Ethics: AI created without appropriate ethical considerations can exacerbate inequality, ignore particular groups, and use data without accountability, thereby weakening public trust in organisations using these tools. In order to create ‘ethical’ AI, academics and international development experts continue to establish and refine principles and guidance on which to base new applications and programmes. The first of these principles should always be applicability; ‘innovation’ for innovation’s sake is unlikely to yield good results, and so a decision to use the latest machine learning technology should be based on whether it will truly enable better evaluation or predictions. Helpfully, USAID has recently released a Guide on AI for development practitioners, with a focus on using AI responsibly, whether a technical expert on the topic or not.
Diversity: Another key challenge that must be met is ensuring representation; this should be both within the data used and in the creation of the algorithm itself. Technology with human intelligence is still created by humans, and therefore prone to human prejudice. If we wish to solve the world’s most complex problems, then the technology we use must represent the world that is facing these problems. We need to reflect the diversity and variety of human beings when creating AI programmes, to promote fairness and accountability in their application.
Equal opportunities: The loss of jobs to AI is often mentioned as a criticism of its expansion. Yet AI and ML specialists, data collectors and AI ethics experts will become more and more necessary as this field develops. The more we can ensure that these roles are understood and jobs undertaken by a diverse range of people, the better the technology will become.
The potential for AI in international development is immense, and current capabilities are just a fraction of what might be possible in the future. But this also comes with risks. The need to include individuals and communities from around the world in the design, creation and deployment of AI will be vital to ensuring that existing challenges are tackled, not exacerbated, with the most powerful tools we now have.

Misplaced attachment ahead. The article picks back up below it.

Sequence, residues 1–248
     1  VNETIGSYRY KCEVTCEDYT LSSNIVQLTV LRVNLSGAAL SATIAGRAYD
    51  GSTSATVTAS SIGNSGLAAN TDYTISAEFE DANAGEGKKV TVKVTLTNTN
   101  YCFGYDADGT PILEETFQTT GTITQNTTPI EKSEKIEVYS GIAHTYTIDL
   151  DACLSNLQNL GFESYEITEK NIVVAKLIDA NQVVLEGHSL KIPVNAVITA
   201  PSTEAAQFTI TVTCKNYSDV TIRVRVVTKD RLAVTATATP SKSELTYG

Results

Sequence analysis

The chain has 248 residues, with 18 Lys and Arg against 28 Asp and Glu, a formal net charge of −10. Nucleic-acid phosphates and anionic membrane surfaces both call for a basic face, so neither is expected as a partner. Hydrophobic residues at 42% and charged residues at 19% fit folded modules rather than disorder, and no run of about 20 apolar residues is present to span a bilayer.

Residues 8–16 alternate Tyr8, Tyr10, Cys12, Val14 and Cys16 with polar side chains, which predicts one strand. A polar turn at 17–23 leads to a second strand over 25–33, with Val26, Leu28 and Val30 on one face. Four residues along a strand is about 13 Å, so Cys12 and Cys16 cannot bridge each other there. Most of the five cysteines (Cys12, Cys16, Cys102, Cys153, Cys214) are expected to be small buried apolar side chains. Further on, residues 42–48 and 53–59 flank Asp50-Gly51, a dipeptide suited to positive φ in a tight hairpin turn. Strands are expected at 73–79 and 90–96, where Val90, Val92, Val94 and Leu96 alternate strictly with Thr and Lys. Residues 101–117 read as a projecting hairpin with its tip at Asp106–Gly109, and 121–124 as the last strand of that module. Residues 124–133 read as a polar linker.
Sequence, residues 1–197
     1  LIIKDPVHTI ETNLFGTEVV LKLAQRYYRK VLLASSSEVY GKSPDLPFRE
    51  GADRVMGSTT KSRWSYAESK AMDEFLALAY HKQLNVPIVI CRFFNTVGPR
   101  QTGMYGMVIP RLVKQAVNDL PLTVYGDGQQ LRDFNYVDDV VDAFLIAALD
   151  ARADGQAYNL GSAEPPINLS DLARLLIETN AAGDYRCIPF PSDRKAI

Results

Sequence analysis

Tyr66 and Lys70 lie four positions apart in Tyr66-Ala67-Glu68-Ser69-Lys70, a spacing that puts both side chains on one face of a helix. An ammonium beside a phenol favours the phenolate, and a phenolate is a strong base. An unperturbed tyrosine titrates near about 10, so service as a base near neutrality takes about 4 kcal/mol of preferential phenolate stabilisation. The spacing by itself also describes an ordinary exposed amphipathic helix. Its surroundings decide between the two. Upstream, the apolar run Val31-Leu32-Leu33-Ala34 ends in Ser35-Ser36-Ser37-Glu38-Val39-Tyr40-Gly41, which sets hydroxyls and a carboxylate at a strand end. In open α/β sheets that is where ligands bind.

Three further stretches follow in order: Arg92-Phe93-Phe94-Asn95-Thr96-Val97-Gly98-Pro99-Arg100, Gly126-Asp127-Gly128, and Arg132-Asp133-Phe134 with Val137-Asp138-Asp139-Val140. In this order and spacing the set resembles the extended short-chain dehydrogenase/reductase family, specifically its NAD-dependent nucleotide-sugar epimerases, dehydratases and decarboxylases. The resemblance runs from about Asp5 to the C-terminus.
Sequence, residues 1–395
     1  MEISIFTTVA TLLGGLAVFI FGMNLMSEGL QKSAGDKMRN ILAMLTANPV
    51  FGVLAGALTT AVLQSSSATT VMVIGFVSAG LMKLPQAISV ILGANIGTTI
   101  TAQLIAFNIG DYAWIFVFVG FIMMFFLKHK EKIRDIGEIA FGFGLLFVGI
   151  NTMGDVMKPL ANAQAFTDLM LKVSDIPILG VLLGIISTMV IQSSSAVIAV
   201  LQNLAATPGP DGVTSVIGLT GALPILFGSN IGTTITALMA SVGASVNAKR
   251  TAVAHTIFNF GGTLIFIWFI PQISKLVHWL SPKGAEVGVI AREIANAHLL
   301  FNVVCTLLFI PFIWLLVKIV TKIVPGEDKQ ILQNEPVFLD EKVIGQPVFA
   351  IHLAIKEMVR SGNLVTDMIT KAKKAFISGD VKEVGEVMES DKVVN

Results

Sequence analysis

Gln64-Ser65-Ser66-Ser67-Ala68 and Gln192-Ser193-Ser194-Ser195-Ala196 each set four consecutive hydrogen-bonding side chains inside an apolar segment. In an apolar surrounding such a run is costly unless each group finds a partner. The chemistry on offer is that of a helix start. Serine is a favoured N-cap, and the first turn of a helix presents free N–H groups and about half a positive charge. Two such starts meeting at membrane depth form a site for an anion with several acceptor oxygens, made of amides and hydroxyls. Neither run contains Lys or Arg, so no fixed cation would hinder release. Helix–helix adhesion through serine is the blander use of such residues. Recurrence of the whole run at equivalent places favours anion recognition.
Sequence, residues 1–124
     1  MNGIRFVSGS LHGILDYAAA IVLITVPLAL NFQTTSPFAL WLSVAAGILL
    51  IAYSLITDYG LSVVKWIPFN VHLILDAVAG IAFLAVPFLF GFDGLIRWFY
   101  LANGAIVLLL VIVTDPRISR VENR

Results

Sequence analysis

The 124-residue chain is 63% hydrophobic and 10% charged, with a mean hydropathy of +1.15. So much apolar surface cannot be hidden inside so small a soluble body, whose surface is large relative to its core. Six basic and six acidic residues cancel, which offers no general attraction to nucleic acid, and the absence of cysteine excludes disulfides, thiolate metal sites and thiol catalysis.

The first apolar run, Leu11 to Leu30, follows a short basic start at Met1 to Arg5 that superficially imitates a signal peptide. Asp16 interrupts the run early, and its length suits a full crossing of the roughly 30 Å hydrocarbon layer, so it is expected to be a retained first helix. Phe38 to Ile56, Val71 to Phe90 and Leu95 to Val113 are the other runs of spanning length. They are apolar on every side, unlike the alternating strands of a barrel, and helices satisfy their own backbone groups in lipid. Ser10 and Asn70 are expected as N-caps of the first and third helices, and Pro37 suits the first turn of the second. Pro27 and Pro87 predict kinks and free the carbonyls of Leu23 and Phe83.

Further reading on AI in development:
- World Economic Forum Strategic Intelligence – AI Topic Publications
- Data Stewards Network – Selected Readings on AI for Development
- USAID Report – Reflecting the Past, Shaping the Future: Making AI Work for International Development
- USAID Report – Managing Machine Learning Projects in International Development: A Practical Guide
- IDIA Discussion Paper on Artificial Intelligence & Development
- JPIA Article – Artificial Intelligence in International Development: Avoiding Ethical Pitfalls
[iii] ‘Big data’ refers to extremely large and complex data sets, often those which are continuously growing and cannot be processed by traditional processing software.
[vi] ‘Supervised’ and ‘unsupervised’ are two ways AI can ‘learn’. In supervised learning, a set of training data is specified by humans so that the machine can replicate predictions. In unsupervised, the machine identifies patterns independently. See page 9 of this resource for more details: https://static1.squarespace.com/static/5b156e3bf2e6b10bb0788609/t/5e1f0a37e723f0468c1a77c8/1579092542334/AI+and+international+Development_FNL.pdf